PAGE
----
Friday, June 02, 2006

The Penultimate Command of English

Longtime readers know that my family famously mangles the English language. That’s not meant to be self-deprecating in any way. We know some stunningly big damn words. We can sling polysyllabics (see?) with the best of them.

We just don’t find it necessary to use them in the correct context.

I, for instance, famously used the word “penultimate” instead “paramount” many, many times until a woman I wanted to date stopped me in the middle of a crowded room and said, “You do realize that the word “penultimate” means “next to last”, don’t you? It doesn’t mean “ultimate” or “paramount”.”

“Wow,” I said. “So, if I described this as my paramount moment of embarrassment…”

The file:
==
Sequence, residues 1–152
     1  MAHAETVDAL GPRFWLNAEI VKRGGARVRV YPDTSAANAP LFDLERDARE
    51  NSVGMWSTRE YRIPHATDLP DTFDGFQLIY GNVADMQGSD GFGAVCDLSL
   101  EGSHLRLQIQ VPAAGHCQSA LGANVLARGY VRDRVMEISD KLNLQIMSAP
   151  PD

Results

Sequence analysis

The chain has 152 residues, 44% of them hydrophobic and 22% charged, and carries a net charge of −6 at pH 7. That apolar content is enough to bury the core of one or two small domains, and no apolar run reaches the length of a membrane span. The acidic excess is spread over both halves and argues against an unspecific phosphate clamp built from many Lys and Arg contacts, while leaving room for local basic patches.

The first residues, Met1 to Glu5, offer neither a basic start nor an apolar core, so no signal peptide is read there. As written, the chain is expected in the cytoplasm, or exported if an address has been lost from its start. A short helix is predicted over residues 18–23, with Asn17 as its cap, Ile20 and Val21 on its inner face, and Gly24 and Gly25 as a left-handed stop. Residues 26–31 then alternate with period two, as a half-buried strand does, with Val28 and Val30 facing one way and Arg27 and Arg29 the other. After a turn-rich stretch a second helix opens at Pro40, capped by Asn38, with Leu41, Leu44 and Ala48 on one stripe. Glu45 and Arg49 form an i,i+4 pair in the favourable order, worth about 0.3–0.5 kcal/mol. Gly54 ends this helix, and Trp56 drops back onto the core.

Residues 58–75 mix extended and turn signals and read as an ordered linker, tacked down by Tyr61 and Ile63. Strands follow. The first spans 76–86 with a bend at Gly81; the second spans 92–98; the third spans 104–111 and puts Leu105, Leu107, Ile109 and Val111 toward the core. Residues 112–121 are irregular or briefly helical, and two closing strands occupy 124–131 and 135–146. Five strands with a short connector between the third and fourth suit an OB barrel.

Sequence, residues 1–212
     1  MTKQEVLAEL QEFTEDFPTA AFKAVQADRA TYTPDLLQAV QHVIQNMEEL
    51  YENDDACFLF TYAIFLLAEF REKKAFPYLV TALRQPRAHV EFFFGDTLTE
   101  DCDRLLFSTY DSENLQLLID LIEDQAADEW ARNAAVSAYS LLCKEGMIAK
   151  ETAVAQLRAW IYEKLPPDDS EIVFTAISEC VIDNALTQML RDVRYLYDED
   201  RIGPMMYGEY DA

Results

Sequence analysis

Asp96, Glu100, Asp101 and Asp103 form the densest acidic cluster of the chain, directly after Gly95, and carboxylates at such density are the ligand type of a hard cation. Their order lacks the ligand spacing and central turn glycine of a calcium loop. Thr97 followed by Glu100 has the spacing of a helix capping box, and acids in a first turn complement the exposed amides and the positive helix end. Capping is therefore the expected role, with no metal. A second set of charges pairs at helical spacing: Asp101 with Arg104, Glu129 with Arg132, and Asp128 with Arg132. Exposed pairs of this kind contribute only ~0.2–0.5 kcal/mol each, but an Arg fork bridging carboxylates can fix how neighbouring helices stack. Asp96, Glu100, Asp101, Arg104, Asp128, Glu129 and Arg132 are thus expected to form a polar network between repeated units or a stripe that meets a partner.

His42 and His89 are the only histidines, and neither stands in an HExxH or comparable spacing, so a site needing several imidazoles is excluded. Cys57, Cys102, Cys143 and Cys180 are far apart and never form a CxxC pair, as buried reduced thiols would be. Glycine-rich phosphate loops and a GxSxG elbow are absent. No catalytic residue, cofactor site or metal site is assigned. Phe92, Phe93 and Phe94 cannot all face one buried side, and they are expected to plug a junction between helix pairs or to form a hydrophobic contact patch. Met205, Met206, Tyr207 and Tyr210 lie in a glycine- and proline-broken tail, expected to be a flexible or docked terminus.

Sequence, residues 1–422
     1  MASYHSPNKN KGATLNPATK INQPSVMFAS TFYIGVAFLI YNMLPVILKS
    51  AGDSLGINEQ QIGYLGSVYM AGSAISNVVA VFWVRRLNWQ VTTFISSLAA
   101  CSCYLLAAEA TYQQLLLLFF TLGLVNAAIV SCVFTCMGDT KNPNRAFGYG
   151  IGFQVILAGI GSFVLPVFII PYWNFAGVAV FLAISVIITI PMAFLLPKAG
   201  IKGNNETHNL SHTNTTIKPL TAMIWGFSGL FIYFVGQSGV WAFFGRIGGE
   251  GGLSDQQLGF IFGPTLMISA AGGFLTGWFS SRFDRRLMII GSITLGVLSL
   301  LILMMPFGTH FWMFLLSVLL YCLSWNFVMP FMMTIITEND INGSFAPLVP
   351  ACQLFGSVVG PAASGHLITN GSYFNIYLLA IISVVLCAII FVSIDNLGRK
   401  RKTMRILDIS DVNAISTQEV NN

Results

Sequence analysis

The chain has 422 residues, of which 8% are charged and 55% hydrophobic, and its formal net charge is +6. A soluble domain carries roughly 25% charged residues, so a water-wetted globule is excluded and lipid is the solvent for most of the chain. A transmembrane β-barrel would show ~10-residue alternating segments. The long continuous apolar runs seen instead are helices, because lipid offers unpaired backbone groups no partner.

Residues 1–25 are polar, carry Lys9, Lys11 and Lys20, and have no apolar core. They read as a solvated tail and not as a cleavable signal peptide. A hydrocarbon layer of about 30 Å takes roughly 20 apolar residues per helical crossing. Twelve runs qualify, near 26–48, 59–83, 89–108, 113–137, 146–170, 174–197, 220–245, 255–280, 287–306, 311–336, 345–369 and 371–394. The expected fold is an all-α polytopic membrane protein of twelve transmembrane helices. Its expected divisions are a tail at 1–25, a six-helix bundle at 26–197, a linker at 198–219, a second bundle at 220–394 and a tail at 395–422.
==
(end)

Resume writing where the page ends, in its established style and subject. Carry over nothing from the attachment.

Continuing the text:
“Exactly,” she said.

Ultimately, she and I did not go out.

My aphasia seems to be genetic. My son Gabriel spent a week pointing towards our roof and mentioning the “plants on the alchemy” before I realized that he was talking about the plants on our balcony.

Gabriel is also fond of announcing to everyone that he’s bored. Apparently, my younger son Julian felt that this would be an excellent arrow to add to his relatively new language quiver. Julian came downstairs this morning, put an apathetic look on his face and announced, “Dad, I’m boring.”

“You’re what?” I asked, even though I had heard him clearly.

“I’m boring.”

“You’re what?’

“I’m boring.”

“You’re what?”

There’s nothing boring about that kid. He’s the exact opposite of boring – whatever that word is.

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